Call for Participants: Comparative Wests Winter Conference 2012

Comparative Wests Conference 2012
Stanford University
January 21-23, 2012

Transforming the Wests: Understanding Shared Pasts and Enduring Issues in the Comparative Wests

Many Wests were formed through prolonged and acute contact events between Indigenous populations and invading settler colonialists. These events served both to restructure the nature of Indigenous existence and shape the economy and identity of the nation states that claimed sovereignty over new lands. With these shared histories, these Comparative Wests also share contemporary issues of sovereignty, environmental degradation, and the maintenance of Indigenous livelihoods.

This conference proposes to explore the nexus between environmental, social and economic change that transformed these Wests, and the enduring issues that remain as their legacy. Through a transnational comparative focus particularly on the western United States and Canada, Australia, including western Australia, New Zealand, western South America, and the Pacific Islands, this conference will serve to foster the emerging connections between scholars and Indigenous and Aboriginal leaders in these Comparative Wests.

Building upon a periodic Sawyer seminar series being held at Stanford from 2010 through 2012, and a Comparative Wests conference at the University of Western Australia in February 2011, this conference will bring scholars together from diverse disciplines in the humanities and environmental sciences to explore these issues. Papers that explore the shared histories of European settler colonialism, the transformations of Indigenous livelihoods and rights, and concomitant transformations in the environment and the issues that endure today in these regions are particularly encouraged. This year we will be paying special attention to the nature of changing economies and changing environments, as evidenced by anthropogenic and natural fire regimes, changing hydrological regimes, and altered climates, although other topics in history, livelihoods, rights, legal regimes, land tenure, networks of exchange, mobility, and environments in these Comparative Wests are also welcome.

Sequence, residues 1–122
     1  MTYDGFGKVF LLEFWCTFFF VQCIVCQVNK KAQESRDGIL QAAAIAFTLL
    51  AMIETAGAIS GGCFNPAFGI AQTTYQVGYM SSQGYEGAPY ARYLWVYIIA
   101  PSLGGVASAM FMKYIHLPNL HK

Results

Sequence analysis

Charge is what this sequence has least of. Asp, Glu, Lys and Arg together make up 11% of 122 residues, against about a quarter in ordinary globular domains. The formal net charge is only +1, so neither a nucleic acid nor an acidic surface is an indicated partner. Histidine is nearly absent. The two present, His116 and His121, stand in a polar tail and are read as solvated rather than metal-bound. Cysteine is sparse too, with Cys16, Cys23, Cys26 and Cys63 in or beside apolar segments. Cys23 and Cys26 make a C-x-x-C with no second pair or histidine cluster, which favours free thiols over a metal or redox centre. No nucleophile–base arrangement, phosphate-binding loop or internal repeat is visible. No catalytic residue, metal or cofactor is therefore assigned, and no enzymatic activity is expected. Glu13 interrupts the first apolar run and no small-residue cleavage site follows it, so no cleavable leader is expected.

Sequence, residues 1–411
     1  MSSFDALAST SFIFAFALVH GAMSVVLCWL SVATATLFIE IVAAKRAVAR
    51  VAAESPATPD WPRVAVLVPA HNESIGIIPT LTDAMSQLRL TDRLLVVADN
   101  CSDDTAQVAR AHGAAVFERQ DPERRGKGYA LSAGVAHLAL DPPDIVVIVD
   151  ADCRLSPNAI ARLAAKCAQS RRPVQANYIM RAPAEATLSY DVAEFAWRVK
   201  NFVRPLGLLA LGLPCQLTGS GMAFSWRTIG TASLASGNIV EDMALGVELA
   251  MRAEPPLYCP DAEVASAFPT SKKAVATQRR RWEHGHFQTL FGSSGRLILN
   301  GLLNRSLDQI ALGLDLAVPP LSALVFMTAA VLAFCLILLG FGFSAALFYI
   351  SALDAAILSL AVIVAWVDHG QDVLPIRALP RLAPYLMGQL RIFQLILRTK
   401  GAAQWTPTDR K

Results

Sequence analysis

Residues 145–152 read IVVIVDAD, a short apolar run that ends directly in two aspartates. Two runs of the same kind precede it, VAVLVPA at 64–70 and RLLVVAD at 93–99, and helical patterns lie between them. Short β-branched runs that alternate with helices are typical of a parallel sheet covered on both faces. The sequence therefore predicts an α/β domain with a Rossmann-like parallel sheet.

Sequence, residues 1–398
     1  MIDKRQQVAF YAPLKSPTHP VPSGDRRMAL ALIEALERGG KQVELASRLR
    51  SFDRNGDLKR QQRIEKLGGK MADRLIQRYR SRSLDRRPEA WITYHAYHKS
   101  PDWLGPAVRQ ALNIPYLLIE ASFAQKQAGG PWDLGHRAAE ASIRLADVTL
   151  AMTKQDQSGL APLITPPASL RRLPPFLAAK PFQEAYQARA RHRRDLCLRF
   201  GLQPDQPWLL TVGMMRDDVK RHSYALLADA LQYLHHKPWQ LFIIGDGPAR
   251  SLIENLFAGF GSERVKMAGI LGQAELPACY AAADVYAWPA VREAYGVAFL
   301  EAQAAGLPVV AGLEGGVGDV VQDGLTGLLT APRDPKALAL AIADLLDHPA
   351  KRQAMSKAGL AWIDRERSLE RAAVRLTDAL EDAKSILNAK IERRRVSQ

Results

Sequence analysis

This conference will bring approximately 30 participants together for seminar style discussions structured around pre-circulated papers by the participants on Friday, January 20, and Saturday, January 21. After the conference, selected revised papers will be published in a special issue of a scholarly peer-reviewed digital journal. We are currently in discussions regarding several options for this publication. The conference will be followed by optional field trips on Sunday, January 22. Participants may also choose to remain at Stanford on Monday, January 23, for self-organized meetings with collaborators and a regularly scheduled Comparative Wests seminar with Lisa Ford, lecturer at the University of New South Wales, and author of Settler Sovereignty: Jurisdiction and Indigenous People in America and Australia, 1788-1836.

Participants will be responsible for their own travel and lodging arrangements, though we can offer recommendations. There is limited funding available for travel assistance for those requiring it. Please let us know if you will need travel assistance.

Interested participants

Please send a short proposal (description or extended abstract of up to 500 words), to

Brian Codding (bcodding@stanford.edu)

Deadline: September 30, 2011